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Second Cuban COVID vaccine ready for Phase III clinical trials

HAVANA, Cuba, Feb 26 (ACN) Cuba has technological platforms, professional experience, genetic engineering and the capacity to conjugate vaccine candidates to obtain better immunogens, which is why the country is moving forward with four anti-Covid-19 vaccine projects.

This is what Marta Ayala Ávila, general director of the Center for Genetic Engineering and Biotechnology, said today in Havana during a press tour of the institution, which develops Abdala and Mambisa, two of the Cuban vaccine candidates.

She said that Abdala, the most advanced one, is in preparation to start its Phase III clinical trials in March, when it will be approved by the Cuban government, when it will be approved by the Center for the State Control of Medicines, Equipment and Medical Devices (CECMED).

She pointed out that each phase increases the number of individuals immunized against the disease, and added that the first phase began at the Saturnino Lora hospital in Santiago de Cuba, with 132 volunteers, and that on the 42nd day of intramuscular application the results were very good.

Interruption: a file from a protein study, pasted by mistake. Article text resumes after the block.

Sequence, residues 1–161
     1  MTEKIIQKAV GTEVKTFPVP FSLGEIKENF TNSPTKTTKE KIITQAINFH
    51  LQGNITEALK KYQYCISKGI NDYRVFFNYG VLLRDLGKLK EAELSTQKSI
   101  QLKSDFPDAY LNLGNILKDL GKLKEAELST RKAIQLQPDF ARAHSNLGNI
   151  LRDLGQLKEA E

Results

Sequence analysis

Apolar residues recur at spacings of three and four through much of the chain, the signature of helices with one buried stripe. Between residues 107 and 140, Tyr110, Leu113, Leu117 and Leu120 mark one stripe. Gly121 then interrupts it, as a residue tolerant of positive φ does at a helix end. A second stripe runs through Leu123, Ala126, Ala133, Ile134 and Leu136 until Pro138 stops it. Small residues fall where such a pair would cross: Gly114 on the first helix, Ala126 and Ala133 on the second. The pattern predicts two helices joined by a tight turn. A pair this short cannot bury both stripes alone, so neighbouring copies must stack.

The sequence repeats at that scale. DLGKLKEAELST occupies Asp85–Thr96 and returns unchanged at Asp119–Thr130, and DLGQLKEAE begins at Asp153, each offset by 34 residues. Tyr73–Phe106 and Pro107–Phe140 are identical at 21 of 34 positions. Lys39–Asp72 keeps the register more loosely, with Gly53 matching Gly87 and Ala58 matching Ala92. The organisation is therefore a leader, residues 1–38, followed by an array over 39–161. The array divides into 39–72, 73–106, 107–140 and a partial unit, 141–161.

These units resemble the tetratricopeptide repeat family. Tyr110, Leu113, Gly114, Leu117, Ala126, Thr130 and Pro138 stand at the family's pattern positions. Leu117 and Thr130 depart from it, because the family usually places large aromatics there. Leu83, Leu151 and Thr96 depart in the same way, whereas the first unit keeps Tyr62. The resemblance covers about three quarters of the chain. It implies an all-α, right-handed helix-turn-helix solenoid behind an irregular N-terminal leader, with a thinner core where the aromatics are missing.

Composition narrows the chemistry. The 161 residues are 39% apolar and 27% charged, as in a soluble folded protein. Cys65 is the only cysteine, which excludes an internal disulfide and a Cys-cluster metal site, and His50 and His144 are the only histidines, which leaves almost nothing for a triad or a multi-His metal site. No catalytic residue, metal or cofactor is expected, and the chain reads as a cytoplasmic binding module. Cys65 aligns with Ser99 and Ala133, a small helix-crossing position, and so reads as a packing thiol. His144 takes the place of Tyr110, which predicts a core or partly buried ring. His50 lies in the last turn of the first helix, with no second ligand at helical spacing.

Hence, on February 1, Phase II of the study began in the same eastern institution, where immunizations have already been administered and 660 people have already been immunized, and were able to neutralize the effect of the virus on the cells, she said.

For Abdala, she said, two immunization schedules have been designed: a short one, in which the individual is immunized on the days of the week, and a short one, in which the individual is immunized on the days of the week.

The other is called long because immunization occurs on days 0, 28 and 56, and the response is evaluated at day 70.

The product is based on the formulation of the RBD (Receptor Binding Domain) protein adjuvanted in aluminum hydroxide, while Mambisa, the other vaccine candidate developed by the CIGB, is based on the formulation developed by CIGB, is a combination of the nucleocapsid antigen of the Hepatitis B virus (AgnHB) and the Hepatitis B virus nucleocapsid antigen (AgnHB) combined with specific proteins.

Mambisa initiated the Phase I/II study on December 7, 2020 at the National Toxicology Center, in Havana, where 88 volunteers received the doses and have reported only mild and low intensity adverse reactions.

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